Book Description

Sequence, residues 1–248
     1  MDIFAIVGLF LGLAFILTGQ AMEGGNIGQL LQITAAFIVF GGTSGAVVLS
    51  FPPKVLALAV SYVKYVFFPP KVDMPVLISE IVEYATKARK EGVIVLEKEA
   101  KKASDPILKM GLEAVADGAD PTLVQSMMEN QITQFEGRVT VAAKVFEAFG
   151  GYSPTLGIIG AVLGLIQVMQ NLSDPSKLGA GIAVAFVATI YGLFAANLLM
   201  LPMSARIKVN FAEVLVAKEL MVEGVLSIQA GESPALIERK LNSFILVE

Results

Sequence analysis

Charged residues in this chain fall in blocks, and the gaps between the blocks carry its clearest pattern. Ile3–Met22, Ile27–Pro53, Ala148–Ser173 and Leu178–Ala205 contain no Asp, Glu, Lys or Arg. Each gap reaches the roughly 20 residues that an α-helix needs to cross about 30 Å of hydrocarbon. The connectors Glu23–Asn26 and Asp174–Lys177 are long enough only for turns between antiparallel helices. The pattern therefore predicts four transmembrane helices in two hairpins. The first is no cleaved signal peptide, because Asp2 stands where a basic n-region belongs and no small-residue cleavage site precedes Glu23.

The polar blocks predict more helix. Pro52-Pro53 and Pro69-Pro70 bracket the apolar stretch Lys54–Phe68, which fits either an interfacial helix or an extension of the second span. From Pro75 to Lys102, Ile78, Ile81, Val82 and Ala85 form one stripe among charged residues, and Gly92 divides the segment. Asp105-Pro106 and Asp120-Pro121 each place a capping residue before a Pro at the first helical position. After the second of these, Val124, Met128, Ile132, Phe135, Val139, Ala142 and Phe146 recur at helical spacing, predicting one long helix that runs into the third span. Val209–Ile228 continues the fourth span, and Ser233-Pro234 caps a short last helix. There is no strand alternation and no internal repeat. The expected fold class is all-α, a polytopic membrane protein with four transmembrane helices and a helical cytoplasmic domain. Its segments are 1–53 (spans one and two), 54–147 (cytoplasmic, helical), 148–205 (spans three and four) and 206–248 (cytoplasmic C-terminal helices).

Review Lance Rips writes with great simplicity and clarity about complicated matters. His judgment of issues is always fair and balanced. He is particularly fair to people with whom he disagrees, notably Harman and Johnson-Laird. The book constitutes a reasoned defense of natural logic. It argues that the mind is not a logical mess with, miraculously, a few logical pockets. It shows the central role of reasoning in all aspects of cognition and presents the case that the mind's natural deductive systems are sound. (John Macnamara, Professor of Psychology, McGill University)This is a gem of a book. In it, Rips has provided a thorough and thoughtful analysis of human deductive reasoning and its relation to natural logics, nonmonotonic reasoning, and defeasible reasoning. In fact, his presentations of these topics make concise and clear introductions for readers who may not be familiar with the philosophical and AI literatures on reasoning. In its thoroughness and completeness, Rips's theory can serve as a standard by which other researchers' theory development and presentation are measured. (Denise Dellarosa Cummins, University of Arizona)This is one of the most important books to appear in the field of cognitive science in the last decade. More than any other contribution in the history of the field, it makes the case for the necessity, centrality, and generality of rule-based reasoning processes in cognition. Anyone interested in the nature of the human cognitive architecture should study this book. It is also a triumph of scholarship and literary style. (Reid Hastie, Professor of Psychology, University of Colorado)Lance Rips has written a tightly reasoned argument for the importance of deduction in human reasoning. This is exemplary cognitive science research, bringing together an incisive analysis of the literature in psychology, logic, and artificial intelligence with a computer model that embodies his theory of human deductive reasoning. (Allan Collins, Principal Scientist, Bolt Beranek and Newman, Inc.) Read more About the Author Lance J. Rips is Professor of Psychology at Northwestern University. Read more